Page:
Preventing heartworm in our pets
Vail, CO Colorado
EAGLE COUNTY ” Spring is the time of year that parasites start appearing in abundance.
One parasite, heartworms, can cause a bad disease in pets. Heartworm can infect any dog regardless of age, sex or habitat. There have been reported cases in cats as well.
It is spread by mosquitoes and is found in almost all parts of the United States. It is more prevalent along the Atlantic and Gulf coasts and Ohio and Mississippi river basins,, but there are more pockets of infection in otherwise low prevalence regions. There have been cases reported in the Denver region.
The adult heartworm lives a dog’s heart and adjacent vessels. It can grow to four or 12 inches long. It matures in a about a year and lives for five to seven years. They produce offspring, known as microfilariae, which circulate in the animal’s blood.
When a female mosquito bites an infected animal, it sucks out some blood containing the microfilariae. When the mosquito bites another pet, the infected larvae are transmitted and the cycle begins again.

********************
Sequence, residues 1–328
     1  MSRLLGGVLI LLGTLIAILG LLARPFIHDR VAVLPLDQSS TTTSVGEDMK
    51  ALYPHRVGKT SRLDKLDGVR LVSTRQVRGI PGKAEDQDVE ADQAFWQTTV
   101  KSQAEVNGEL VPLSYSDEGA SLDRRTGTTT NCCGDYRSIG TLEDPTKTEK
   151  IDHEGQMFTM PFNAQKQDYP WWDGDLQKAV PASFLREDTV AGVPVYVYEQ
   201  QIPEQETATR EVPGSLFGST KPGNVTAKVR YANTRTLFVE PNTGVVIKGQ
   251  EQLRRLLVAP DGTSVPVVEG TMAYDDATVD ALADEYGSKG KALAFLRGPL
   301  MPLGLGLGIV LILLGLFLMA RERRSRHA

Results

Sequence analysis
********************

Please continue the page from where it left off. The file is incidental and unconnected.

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Outdoor dogs are more likely to be infected than indoor dogs. Dogs between 3 and 8 years old are more at risk and large dogs are more susceptible.
Once a dog has been infected with the larva from an infected mosquito, it migrates through body tissues for the next 100 days. At that time, young adult heartworms enter the blood system and travel to the pulmonary arteries in the lung.
Once the adult heartworms have made their way to the pulmonary arteries, damage to the lining of the vessels begins. The heart, lungs, and kidneys are affected.
Symptoms include coughing, fatigue, listlessness, weight loss, rough hair and loss of interest in exercise because of lung damage. Dogs with heartworm may even collapse.
Diagnosis is made from a simple blood test but there are ways to avoid the disease. There many preventatives on the market such as Heartguard, Interceptor and Revolution.
If your dog tests positive for the microfilariae or the adult worm, treatment varies according to what the dog is infected with. Most patients are hospitalized during treatment to kill the adult worm. The medication used is strong and the effect of killing off the worms can potentially cause problems in the lungs. The circulating microfilaria are usually killed four to six weeks after getting rid of the adults.
Heartworm can be a severe disease once the larvae become adults in the heart. There have only been a few cases in the Vail Valley, most in dogs who have traveled from other places.
Dr. Nadine Lober can be reached at 949-7972